The National Disability Strategy 2010–2020 represents a shared national approach to improving outcomes for Australians with disability, their families and carers. The first implementation plan, Laying the Groundwork 2011-2014, established the foundations to bring about reform in the planning and delivery of both mainstream and disability specific programs and services.
Important to the eye health and vision care sector, priorities for the Strategy’s second implementation plan include:
NDIS transition to full scheme
Improving employment outcomes for people with disability
Improving outcomes for Aboriginal and Torres Strait Islander people with disability
Communication activities to promote the intent of the strategy throughout the community
In particular, Vision 2020 Australia commends the Australian Government on prioritising employment.
“Access to meaningful employment is a fundamental human right of all Australians, yet people who are blind or vision impaired often face multiple barriers,” said Vision 2020 Australia CEO Carla Northam.
According to Australian Council of Social Service, the unemployment rate of Australians with disability is almost double people without a disability, currently 9.4 per cent, compared to 4.9 per cent respectively.
Furthermore, it is estimated that 58 per cent of working aged Australian’s who are blind or vision impaired are unemployed and one third of those who are employed would like to work more hours.¹
The second implementation plan contains vital strategies to address this however, more targeted work is needed.
These strategies include improving disability employment services and improving recruitment in the Australian Public Service (APS) through the As One Making it Happen Strategy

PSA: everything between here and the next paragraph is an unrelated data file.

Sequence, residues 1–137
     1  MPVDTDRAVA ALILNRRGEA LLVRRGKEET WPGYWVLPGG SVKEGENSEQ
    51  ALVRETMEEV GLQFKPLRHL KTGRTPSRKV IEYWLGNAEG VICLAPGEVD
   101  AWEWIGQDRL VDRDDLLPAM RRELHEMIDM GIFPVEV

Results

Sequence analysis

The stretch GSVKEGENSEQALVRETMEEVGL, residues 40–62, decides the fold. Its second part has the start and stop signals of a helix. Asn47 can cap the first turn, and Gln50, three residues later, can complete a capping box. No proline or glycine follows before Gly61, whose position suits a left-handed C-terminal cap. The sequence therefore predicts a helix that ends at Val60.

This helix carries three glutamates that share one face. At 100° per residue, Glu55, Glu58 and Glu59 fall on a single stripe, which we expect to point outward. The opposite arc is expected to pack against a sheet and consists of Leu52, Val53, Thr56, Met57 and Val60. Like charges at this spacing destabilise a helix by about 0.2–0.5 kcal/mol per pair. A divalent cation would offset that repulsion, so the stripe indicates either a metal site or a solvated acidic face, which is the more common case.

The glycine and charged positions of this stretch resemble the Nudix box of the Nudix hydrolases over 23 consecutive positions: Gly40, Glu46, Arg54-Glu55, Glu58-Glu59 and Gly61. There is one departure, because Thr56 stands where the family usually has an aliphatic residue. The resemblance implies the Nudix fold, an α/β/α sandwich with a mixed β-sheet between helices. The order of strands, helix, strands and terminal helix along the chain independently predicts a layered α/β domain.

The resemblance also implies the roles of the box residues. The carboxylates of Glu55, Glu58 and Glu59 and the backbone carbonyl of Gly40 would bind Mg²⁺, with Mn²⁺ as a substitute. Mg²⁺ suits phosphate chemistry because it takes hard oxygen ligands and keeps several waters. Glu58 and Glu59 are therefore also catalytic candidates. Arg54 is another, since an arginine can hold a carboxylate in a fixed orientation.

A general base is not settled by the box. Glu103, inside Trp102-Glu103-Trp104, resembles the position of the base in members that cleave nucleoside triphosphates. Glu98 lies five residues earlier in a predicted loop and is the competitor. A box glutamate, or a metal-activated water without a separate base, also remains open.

Vision 2020 Australia and its members call on the Australian Government to demonstrate commitment to diversity and increase the representation of people with a disability in the APS workforce.
While the APS is a major employer across Australia, there has been a consistent decline in the inclusion of people who identify as having a disability in the APS workforce, from 6.6 per cent in 1986² , down to 4.1 per cent in 2005 to just 3.5 per cent in 2015³ .
“As an important first step, direct leadership by the Australian Government will work to diminish the negative assumptions and pervasive stereotypes surrounding people with disability that continue to contribute to discriminatory employment practices,” said Ms Northam.
“The current lack of visibility of people who identify as having a disability in public roles such as the APS makes it difficult for private sector employers to recognise the potential of people with disability.
“We are calling on the Australian Government to implement an overall target of seven per cent for people with disability, including people who are blind or vision impaired, employed in the APS within the next five years (2016-2021).
“Ongoing and rewarding employment is integral to an individual’s ability to remain independent, empowered and connected with their community; maximising opportunities for participation in all aspects of daily life,” concluded Ms Northam.
For more information
Contact Adam Sawell, Communications Manager at Vision 2020 Australia.
Vision 2020 Australia
Established in October 2000, Vision 2020 Australia is part of VISION 2020: The Right to Sight, a global initiative of the World Health Organisation and the International Agency for the Prevention of Blindness. Vision 2020 Australia is the national peak body for the eye health and vision care sector, representing over 50 member organisations involved in: local and global eye care; health promotion; low vision support; vision rehabilitation; eye research; professional assistance and community support.